If you’ve every been pregnant or if you are pregnant now, you’ve probably noticed a metamorphosis in your bra cups, a process known to some as nature’s boob job.  The physical changes (tender, swollen breasts) may be one of the earliest clues that you have conceived.  Many experts believe that the colour change in the areola may also be helpful when it comes to breast feeding, helping the baby find the right place to latch on with its limited visual capabilities.

Perhaps what’s even more remarkable than visible changes is the extensive changes that are taking place inside of your breasts.  The developing placenta stimulates the release of oestrogen and progesterone, which will in turn stimulate the complex biological system that helps to make lactation possible.

Before you get pregnant, a combination of supportive tissue, milk glands and fat make up the larger portions of your breast.  The fact is, your newly swollen breasts have been preparing for your pregnancy since you were in your mother’s womb!

When you were born, your main milk ducts had already formed.  Your mammary glands stayed quiet until you reached puberty, when a flood of the female hormone oestrogen caused them to grow and also to swell.  During pregnancy, those glands will kick into high gear.

Before your baby arrives, glandular tissue has replaced a majority of the fat cells and accounts for your bigger than before breasts.  Each breast also becomes markedly heavier than before.

Nestled among the fatty cells and glandular tissue is an intricate network of channels or canals known as the milk ducts.  The pregnancy hormones will cause these ducts to increase in both number and size, with the ducts branching off into smaller canals near the chest wall known as ductules.

At the end of each duct is a cluster of smaller sacs known as alveoli.  The cluster of alveoli is known as a lobule, while a cluster of lobule is known as a lobe.  Each breast will contain around 15 – 20 lobes, with one milk duct for every lobe.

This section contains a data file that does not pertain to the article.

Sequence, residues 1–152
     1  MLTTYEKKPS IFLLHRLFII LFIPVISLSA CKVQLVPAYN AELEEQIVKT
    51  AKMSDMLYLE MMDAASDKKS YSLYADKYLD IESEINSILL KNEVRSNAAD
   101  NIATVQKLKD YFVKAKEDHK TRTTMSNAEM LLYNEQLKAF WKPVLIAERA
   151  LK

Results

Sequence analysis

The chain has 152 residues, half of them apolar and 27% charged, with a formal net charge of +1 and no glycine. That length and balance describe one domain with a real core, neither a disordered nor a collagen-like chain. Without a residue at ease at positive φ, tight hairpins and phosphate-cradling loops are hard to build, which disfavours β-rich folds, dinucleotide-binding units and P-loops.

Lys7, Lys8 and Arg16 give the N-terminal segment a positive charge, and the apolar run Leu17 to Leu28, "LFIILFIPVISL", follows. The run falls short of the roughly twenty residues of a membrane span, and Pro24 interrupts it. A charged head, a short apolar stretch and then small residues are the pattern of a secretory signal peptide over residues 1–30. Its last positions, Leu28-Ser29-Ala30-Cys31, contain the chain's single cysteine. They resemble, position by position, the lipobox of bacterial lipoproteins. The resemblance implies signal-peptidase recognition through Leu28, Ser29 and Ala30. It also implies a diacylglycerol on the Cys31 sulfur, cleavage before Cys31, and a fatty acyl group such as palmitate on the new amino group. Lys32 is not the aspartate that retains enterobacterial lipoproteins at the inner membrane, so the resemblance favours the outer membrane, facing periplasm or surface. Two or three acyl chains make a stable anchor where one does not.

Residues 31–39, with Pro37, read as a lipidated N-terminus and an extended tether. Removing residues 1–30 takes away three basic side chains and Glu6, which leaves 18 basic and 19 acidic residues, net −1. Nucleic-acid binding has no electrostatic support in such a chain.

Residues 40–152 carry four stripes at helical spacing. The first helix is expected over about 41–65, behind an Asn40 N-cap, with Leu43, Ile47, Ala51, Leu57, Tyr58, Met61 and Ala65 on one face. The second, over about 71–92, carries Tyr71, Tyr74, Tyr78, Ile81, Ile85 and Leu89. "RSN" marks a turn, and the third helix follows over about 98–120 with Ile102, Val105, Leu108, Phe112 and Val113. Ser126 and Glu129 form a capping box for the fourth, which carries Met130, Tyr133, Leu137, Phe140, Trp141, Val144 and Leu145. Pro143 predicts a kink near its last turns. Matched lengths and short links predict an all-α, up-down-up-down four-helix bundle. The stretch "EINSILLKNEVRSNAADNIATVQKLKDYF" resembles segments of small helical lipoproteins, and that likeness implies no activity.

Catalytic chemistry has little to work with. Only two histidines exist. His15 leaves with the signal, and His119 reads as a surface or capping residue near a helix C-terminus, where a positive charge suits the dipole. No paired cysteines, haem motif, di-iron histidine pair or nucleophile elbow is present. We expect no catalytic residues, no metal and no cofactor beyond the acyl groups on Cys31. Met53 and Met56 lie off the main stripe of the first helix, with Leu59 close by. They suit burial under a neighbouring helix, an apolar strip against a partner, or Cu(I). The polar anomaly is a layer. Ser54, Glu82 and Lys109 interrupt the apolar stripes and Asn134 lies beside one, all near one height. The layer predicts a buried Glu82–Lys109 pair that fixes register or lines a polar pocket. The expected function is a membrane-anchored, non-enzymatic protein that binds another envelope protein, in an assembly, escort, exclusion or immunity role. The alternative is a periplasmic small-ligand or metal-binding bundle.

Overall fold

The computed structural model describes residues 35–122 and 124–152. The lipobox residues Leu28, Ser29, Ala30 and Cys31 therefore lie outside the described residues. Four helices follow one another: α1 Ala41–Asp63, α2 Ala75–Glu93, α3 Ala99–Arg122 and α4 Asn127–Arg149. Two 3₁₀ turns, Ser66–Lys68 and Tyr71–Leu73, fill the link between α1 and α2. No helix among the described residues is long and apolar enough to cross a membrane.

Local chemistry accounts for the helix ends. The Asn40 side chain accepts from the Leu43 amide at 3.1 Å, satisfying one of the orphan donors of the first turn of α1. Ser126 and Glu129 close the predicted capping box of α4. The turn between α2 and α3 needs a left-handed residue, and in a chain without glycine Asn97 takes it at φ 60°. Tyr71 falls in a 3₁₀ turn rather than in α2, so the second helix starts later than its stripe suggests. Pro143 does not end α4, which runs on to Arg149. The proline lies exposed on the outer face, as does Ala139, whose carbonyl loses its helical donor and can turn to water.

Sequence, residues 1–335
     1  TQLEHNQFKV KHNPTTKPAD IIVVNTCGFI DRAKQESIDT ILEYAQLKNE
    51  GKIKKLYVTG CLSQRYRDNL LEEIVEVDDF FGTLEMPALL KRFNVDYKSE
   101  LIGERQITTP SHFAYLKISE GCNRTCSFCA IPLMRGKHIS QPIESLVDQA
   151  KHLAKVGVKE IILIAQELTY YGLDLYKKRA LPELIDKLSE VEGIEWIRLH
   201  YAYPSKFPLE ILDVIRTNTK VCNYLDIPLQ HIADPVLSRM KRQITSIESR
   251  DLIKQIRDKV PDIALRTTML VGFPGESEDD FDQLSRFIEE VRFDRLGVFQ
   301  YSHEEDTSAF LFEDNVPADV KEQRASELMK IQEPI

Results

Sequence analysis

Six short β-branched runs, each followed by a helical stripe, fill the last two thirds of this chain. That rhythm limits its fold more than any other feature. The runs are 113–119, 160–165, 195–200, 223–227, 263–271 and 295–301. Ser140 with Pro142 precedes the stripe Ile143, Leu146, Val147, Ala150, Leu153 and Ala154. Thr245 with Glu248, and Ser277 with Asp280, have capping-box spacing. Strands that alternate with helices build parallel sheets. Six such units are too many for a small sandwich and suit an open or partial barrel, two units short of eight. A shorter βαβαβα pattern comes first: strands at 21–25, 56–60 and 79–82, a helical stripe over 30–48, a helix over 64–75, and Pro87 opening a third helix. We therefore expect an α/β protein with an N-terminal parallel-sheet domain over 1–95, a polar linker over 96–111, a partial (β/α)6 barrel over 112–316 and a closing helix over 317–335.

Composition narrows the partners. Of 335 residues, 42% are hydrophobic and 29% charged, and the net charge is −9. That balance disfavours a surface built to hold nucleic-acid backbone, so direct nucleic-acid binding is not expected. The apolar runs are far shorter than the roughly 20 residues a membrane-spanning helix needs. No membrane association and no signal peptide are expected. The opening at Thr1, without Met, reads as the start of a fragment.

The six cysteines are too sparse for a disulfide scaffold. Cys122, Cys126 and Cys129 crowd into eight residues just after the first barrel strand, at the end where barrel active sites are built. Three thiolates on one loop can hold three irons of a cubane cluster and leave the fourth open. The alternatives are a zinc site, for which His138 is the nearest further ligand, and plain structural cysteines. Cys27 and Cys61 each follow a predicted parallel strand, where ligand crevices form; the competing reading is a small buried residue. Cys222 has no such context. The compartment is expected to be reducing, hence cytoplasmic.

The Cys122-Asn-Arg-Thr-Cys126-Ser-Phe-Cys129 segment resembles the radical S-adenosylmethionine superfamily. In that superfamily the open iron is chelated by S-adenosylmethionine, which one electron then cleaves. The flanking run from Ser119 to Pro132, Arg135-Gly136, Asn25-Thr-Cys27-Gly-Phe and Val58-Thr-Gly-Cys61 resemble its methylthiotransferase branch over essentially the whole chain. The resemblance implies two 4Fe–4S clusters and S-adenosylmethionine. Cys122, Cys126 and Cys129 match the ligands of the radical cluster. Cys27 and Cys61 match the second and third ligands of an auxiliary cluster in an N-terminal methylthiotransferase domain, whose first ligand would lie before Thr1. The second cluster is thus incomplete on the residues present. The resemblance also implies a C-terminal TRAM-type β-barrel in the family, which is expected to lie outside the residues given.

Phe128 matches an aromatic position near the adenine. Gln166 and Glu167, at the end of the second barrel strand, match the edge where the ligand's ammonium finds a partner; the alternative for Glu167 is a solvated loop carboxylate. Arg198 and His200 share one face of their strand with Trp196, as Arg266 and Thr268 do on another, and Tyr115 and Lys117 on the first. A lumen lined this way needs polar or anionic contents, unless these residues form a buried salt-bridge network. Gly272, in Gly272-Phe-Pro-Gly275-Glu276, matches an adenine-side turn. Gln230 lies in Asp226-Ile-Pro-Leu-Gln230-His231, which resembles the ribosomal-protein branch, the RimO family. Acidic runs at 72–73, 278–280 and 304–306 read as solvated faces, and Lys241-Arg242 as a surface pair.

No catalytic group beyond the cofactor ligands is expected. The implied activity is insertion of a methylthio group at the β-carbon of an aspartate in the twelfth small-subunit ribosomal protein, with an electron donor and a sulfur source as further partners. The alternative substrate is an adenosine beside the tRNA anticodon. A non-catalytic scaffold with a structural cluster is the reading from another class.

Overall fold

The milk is produced inside of the alveoli, which is surrounded by tiny muscles that squeeze the glands and help to push the milk out into the ductules.  Those ductules will lead to a bigger duct that widens into a milk pool directly below the areola.

The milk pools will act as reservoirs that hold the milk until your baby sucks it through the tiny openings in your nipples.

Mother Nature has it all worked out.  Your milk duct system will become fully developed around the time of your second trimester, so you can properly breastfeed your baby even if he or she arrives earlier than you are anticipating.

If you want to learn more about breastfeeding take a look at the Natural Transition main site. You’ll find some really great information to help you prepare for breastfeeding as well to help you to trouble shoot any problems you experience. Keep an eye out for my own lactation history which I will post soon. It has been far from easy, but seriously- so worth it.

If you have a question about making breast milk, why not post it here as a comment? I’ll do my best to give you a straight forward answer.